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To Identify an Aesthetic Sanity

So many things do not need to be said, to be examined, discussed – or attached to. Many spend their days gripped in verbal and mental discussions that are about everything outside of the self.  This is a way of demanding attention.

To focus on this moment and what can be done – what is of relevance and is of importance; that should be the goal. How does this manifest in studio practice in contemporary art? It manifests in creating objects and experiences that stop the mind of the viewer long enough for true sanity to seep in.

An artist cannot stop the mind of the viewer if their own mind is in an unceasingly discursive state.

Making should manifest in sharing an open, peaceful arena in which to think. To provide physical and psychological space for one to be clear. To be aware in a moment. To embody and remember directly or indirectly within one’s muscle memory is to understand a way to be in the world. That is what art does. Art is a practice. It is not something to be taken lightly. It is of the mind and body and takes years – decades – to truly embody.  Its history and life need to be honored.  It lives and breathes as we do and is an extension of our physical body – the reflection of the time.

Art is to be made with no other intention than that of personal expression (meaning, not for therapeutic purposes). To thoroughly understand the practice of making, the artist must study extensively.  Never stopping; that is why the term “practice” is used. Practice continues. It is a continuum of investigation of artists and their work; those who have come before and who are working now.  It is a field of study that is alive. A science – as noted by the Bauhaus which referred to the study of art as the study of  “the visual sciences”. That is the practice of fine art making.

Not everyone is or should be an artist. This should not be confused with the fact that everyone can be creative. Being creative is not the only thing necessary to be an artist.

An individuals desire for attention and validation perpetuates mediocre work; as does work made for the market. Using studio practice as an opportunity to exhibit one’s neurosis is useless.  The practice of making work is a process of revealing and transforming with no intention of recognition.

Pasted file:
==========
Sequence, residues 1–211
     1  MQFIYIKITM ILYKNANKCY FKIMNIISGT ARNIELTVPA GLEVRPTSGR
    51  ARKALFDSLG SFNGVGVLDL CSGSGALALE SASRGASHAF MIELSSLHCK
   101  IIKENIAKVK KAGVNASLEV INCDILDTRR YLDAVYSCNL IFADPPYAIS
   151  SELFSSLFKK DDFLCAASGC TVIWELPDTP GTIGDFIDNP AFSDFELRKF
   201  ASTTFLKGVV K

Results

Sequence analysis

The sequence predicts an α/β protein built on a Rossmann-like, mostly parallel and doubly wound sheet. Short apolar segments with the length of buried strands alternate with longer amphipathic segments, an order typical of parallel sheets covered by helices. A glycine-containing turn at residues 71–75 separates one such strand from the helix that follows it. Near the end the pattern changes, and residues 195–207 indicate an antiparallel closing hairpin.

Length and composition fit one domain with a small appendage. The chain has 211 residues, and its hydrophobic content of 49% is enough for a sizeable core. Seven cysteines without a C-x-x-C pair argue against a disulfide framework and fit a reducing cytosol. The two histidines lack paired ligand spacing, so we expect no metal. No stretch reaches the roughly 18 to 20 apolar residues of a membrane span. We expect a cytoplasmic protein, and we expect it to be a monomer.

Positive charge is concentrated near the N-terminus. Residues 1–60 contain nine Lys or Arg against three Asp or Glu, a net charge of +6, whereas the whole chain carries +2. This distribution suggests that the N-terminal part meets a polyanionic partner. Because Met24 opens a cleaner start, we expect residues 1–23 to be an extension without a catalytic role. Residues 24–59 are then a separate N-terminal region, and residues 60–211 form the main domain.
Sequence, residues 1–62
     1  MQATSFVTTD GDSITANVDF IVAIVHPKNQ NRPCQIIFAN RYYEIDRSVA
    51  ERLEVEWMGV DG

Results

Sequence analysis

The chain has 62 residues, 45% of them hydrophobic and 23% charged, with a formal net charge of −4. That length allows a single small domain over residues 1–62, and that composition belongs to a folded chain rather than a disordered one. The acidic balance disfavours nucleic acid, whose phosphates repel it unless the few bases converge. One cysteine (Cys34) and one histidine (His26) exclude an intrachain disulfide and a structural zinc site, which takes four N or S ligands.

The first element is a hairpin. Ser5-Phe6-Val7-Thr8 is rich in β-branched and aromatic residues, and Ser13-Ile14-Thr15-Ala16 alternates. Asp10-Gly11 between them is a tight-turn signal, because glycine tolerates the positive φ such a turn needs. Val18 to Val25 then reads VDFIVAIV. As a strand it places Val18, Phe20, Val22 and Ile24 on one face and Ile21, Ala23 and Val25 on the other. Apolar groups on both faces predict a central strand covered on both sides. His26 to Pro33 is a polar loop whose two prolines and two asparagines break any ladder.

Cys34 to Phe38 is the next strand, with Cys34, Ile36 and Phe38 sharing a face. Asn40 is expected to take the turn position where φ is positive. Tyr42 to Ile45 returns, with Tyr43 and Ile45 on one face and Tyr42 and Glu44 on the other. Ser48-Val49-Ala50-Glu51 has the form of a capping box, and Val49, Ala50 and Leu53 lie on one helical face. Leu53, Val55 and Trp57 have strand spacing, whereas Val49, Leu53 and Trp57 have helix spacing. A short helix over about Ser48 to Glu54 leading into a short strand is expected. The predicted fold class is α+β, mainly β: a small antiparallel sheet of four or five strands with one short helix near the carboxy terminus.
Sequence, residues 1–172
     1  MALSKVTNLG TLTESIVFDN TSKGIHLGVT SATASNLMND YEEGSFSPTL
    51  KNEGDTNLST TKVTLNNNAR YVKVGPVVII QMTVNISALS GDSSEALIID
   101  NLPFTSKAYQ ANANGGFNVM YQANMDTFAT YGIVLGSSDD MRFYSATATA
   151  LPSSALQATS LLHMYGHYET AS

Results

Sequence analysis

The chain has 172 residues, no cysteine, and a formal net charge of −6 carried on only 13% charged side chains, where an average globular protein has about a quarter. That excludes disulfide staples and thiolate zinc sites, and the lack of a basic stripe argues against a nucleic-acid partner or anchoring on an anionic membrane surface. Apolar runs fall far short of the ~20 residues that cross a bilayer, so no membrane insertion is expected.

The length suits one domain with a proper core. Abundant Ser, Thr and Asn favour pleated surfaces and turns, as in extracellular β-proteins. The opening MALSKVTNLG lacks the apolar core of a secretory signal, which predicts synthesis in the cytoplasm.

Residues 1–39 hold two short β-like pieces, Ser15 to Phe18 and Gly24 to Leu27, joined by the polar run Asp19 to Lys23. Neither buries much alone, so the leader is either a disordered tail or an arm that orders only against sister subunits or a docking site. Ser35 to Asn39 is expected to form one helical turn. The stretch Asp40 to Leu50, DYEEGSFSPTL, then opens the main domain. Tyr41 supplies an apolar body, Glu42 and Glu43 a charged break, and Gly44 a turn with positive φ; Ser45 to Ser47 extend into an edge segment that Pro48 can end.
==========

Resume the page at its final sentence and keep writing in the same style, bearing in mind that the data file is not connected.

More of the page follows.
“Don’t expect applause”

There is much discussion about the artist’s ego because it gets in the way of authentic artistic practice. Many confuse the market practice with the studio. The market is an artificial construct that changes at the whim of the time. Valid work stands the test of time; it lasts long after the artist who few actually know – yet spend a tremendous of time projecting upon.

Each of us really knows nothing – nor do we actually know anyone. To try to “know” someone is futile. The more one pushes to know the more fleeting the understanding of the individual will be. You will never know. Time in the studio is better served focused on the practice of art making than on projecting into the minds of other artists, envying what they have done (envying as opposed to honoring) and then creating work that becomes an imitation of your projection of what you think the artist was doing.

This process makes a studio practice a sick fruitless game that keeps the maker from making real work. Many do this, part of it is a growing process – but then the artist must “jump off” – to carry the new vision. The artist that works in a visual language that ultimately repeats another artist should stop their practice. They are wasting their time.

The truest contribution is innovation and reflection of the time. Holding the practice in respect, acknowledging the lineage and providing an open space for the viewer to think, reflect, to be moved – to identify sanity.

 


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